Rick Santorum may have been the first choice of the religious right, but there's little danger they'll desert the Republican Party in November.
As Mitt Romney takes on the GOP nominee's mantle, free advice on how he should conduct his campaign abounds. He should keep tough talk on the economy; he should talk less about his health-care history. He should attack President Obama's "cool factor;" he should delicately elevate his own. He should remain loyal to his religious beliefs; he should keep Rick Santorum's evangelical supporters.
The latter issue has come to fore, most recently with Obama's announcement that he supports gay marriage but also with regards to Romney's vice presidential pick. Whatever Romney does over the next few months, he shouldn't worry about the evangelical voting bloc. In fact, he shouldn't spend a dime on them. His commencement speech at Liberty University this weekend notwithstanding, his money, time, and ultimately his message will be better focused elsewhere.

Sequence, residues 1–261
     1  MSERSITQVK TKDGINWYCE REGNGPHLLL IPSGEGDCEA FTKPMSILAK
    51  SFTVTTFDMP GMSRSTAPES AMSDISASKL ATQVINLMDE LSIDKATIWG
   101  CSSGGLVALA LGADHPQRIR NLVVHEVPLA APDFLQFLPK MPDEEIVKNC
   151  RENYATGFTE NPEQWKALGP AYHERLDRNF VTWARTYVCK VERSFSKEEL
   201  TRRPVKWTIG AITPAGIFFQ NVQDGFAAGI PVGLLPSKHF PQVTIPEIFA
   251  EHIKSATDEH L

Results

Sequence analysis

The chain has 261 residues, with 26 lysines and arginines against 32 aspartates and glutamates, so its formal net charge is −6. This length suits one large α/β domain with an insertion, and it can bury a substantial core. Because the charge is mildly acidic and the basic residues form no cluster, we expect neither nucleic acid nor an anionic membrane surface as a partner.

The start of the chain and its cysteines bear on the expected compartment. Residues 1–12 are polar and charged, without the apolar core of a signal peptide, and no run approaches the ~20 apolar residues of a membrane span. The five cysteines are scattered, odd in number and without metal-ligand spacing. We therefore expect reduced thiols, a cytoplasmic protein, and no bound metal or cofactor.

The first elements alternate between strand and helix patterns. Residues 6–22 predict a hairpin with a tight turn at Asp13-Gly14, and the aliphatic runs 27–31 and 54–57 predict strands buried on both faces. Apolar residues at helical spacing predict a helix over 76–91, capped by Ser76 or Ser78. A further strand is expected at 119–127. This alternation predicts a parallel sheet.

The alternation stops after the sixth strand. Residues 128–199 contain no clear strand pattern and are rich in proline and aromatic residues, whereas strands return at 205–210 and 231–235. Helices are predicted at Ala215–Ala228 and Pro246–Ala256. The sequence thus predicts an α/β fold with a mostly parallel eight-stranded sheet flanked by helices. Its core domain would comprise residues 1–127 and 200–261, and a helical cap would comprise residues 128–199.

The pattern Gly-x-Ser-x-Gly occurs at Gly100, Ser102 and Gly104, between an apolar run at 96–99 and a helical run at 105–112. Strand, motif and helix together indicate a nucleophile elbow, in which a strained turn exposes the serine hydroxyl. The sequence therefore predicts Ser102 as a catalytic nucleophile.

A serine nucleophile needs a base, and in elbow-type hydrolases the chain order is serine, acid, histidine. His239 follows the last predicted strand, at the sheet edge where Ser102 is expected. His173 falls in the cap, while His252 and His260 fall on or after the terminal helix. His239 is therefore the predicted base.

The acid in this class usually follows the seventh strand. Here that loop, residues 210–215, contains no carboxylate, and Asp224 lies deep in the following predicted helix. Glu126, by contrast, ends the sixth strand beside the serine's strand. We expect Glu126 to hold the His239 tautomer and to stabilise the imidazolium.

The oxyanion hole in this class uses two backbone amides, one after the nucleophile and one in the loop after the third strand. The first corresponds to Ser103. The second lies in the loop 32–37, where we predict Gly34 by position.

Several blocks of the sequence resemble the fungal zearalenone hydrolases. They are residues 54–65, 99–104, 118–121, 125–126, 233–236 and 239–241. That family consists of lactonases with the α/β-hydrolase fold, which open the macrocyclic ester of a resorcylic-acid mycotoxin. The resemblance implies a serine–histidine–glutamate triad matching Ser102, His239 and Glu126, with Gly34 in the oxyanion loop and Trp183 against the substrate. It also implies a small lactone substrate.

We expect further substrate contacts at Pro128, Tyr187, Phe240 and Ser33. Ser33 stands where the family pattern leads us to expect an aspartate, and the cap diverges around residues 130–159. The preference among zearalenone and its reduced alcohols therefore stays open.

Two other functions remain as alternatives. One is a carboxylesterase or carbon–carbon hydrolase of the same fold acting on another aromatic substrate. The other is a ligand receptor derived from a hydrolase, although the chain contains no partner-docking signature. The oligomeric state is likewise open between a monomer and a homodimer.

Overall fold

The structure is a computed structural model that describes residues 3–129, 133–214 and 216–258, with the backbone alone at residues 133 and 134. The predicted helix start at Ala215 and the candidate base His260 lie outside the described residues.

Romney -- and the rest of us -- can thank George W. Bush for the intense discussion of evangelicals. In 2000, so-called "values voters" flocked to caucuses, flooded the campaign trail, and filled churches to support a man who found Jesus after drinking too much and too often in college. He spoke endearingly about saving the lives of the unborn and preserving traditional marriage. (Oh, and cutting taxes!) For all his scars, even the self- and party-inflicted ones, Bush successfully courted the nearly 25 percent of the electorate that considers itself evangelical, and he knew how to drive them to the polls and get them to bring along their friends.